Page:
The other night, I sat in a bar and — judging by the next-day hangover — drank a pitcher or two of methanol dyed brown. Anteblindness, an interesting conversation brewed over the best sequels of all time. You’d figure given the tendency of terrible sequels to spawn from a box-office hit that was probably such because of a lack of anything better, picking five of the best sequels would be simple; however, it wasn’t as easy as you think.
One reason it can be difficult is because of the criteria for a solid sequel. While many sequels are entertaining, to be a great sequel, the film must possess an original story line and not merely be a slightly adjusted rehashing of the previous film. You can’t just change the nationality or political motivation of the villain and call it a day.
Thus, Lethal Weapon 2 can’t be in the top five. Admittedly, I dig the Lethal Weapon trilogy (although I refuse to believe that Lethal Weapon 4 was not a test reel that got picked up by some bootleggers looking to make a buck or six). But honestly, Murtough is Murtough, Riggs is Riggs, and substituting a crazy South African diplomat for a crazy Gary Busey does not an original film make. And, seriously, the same crazy South African killed Riggs’ wife from Lethal Weapon and the attractive, leggy blonde in LW 2? Suspension of disbelief is one thing, taking whiteout to a script is another.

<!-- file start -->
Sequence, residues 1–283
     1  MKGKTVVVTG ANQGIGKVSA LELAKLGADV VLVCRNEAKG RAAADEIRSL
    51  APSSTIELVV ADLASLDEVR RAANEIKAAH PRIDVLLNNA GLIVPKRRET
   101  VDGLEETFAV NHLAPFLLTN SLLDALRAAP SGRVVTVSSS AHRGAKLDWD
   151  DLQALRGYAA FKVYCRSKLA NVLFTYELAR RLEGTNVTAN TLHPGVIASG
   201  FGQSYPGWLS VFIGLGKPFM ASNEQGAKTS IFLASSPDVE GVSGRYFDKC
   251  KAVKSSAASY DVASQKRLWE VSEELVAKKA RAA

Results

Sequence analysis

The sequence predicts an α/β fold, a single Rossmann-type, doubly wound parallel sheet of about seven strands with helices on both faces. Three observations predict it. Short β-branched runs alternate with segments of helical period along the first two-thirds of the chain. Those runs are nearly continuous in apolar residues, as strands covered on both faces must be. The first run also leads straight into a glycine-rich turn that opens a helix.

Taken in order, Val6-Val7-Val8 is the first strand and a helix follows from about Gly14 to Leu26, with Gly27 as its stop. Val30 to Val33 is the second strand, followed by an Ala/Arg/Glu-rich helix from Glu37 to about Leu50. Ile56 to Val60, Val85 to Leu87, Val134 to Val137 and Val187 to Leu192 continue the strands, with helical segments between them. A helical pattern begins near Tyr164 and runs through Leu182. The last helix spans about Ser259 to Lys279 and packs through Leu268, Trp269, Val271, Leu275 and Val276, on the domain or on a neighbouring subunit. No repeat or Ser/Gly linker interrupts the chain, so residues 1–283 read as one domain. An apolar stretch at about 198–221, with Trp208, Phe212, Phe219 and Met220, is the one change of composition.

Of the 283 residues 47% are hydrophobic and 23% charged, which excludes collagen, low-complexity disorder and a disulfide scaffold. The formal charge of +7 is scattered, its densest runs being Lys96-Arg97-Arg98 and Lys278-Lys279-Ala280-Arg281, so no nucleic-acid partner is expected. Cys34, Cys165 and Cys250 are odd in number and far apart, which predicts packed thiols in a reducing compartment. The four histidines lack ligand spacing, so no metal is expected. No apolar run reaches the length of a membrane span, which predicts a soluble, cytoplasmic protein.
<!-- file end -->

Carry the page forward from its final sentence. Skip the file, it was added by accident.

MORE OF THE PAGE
Likewise, the sequel can’t function as solely a bridge to the third film — see Spiderman 2,Spiderman 3, The Dark Knight, Matrix Reloaded, X3 (which just sets up Wolverine: Origins), any of the incarnations of Faster and Furiouser, or Final Destination. (Programming note: I’ll eventually tackle the irony of having four regurgitated films after a first one whose title inherently implies that it is the final one — redundantly even.)
That said, having a third installment does not render the “sequel” terrible, just so long as its purpose is loftier than reminding us that the character still exists. Overall, the sequel needs an arc that looks at a previous character in a new light or introduces a relatively new conflict that was not addressed in the previous film.